I’ve pictured the kids rolling around, discovering paste and body-painting with frosting, while we grown-ups hang out and take the occasional picture, leaving behind a mess I can pretty much wait for the rain to clear up. Of course, it’s not simple. Every kid wants to drive the single foot-powered toy car everywhere. The hose eventually has to go, because Sam insists on making rain on Hailey’s head and she doesn’t like it—and because, even with the best intentions, he turns out to have remarkably poor aim. After the party, I dump the flour out into the yard, and one of the dogs eats most of it and is sick all over the house for three straight days—not exactly the mess I had in mind. Even after I wash the flour residue away with the hose, she returns woefully to the spot to lick sadly at the now gray grass, having learned absolutely nothing. But it’s worth it.
Unlike the dog, I have learned something. Kids need a place in time and space where the usual rules can be suspended, where flour and paint can fly and sprinkles can spill and a mud-covered shirt is cause for nothing but celebration. Their parents need to be able to relax together and compare notes without punctuating every sentence with “Don’t.” With a big house filled with mostly bargain furniture, we could pull both off—as long as I could relax my ideas about what a party “ought” to be and just let it happen.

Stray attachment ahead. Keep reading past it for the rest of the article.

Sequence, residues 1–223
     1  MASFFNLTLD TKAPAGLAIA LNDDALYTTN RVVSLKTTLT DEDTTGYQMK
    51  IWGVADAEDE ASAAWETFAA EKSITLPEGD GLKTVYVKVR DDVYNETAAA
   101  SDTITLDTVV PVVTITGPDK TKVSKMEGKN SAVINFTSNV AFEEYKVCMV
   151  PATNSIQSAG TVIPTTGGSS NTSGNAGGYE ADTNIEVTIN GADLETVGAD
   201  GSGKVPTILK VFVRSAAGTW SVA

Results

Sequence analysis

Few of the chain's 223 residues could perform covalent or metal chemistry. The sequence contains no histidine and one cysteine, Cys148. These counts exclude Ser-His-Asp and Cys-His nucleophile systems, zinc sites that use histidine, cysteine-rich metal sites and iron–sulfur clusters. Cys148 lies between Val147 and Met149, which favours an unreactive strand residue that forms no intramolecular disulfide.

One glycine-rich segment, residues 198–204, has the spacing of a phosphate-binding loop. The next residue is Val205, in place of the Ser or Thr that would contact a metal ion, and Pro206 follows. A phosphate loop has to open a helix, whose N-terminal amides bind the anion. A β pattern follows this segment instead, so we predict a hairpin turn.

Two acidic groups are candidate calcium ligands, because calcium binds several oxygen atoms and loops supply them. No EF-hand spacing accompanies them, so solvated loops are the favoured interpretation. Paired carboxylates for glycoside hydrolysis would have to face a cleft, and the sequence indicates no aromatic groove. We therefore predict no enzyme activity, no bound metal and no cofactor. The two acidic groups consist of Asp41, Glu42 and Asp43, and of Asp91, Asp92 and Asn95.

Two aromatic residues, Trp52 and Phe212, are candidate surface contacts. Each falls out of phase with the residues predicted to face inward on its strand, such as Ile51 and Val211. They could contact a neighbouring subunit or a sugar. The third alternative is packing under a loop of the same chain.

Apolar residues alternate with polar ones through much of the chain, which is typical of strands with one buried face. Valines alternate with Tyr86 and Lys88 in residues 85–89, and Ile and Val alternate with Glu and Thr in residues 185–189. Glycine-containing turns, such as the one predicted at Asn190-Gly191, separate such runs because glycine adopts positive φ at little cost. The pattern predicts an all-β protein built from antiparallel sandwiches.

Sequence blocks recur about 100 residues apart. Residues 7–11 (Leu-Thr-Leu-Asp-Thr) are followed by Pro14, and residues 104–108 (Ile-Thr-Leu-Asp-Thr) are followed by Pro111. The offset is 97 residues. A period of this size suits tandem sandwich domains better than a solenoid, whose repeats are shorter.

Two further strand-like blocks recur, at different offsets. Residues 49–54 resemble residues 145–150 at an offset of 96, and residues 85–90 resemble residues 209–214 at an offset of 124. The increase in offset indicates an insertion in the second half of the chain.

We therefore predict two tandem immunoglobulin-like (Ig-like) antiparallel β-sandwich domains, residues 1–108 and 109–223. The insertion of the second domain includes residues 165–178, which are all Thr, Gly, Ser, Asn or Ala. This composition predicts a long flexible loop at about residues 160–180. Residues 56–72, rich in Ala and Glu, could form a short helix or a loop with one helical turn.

That first Messy Party leads to more messiness: A Messy Valentine’s Day Party, where children, cookies, and delighted dogs end up covered in red frosting and sprinkles. Messy Nature Walks, on which someone (if not everyone) ends up covered in mud. A Messy Morning, featuring pancakes, colored syrups in squeeze bottles, and you-spray-it whipped cream. (I try to make the indoor messes edible, so the dogs can handle the cleaning.)
As the Messy Parties evolve, we also embark on the Messy House series—the “Come on over, we’ve just made chili” parties and the “Let’s order takeout” get-togethers. The cloth napkins stay in the drawer. It turns out neither our friends nor Sam’s care whether there are fresh flowers on the table, or even whether the table’s been cleaned lately. Suddenly, we go from being a group of moms who share play dates to a community of families who share everything from baby gear to basketball games. I stop micromanaging, collecting plates and glasses people haven’t finished with yet, and become someone who can spend an entire party pregnant and beached on the couch, letting my guests bring me iced tea. Life in a new community, far from our friends and family, gets a lot less lonely once we’re surrounded by new friends who know exactly where to find both the wine glasses and the sippy cups.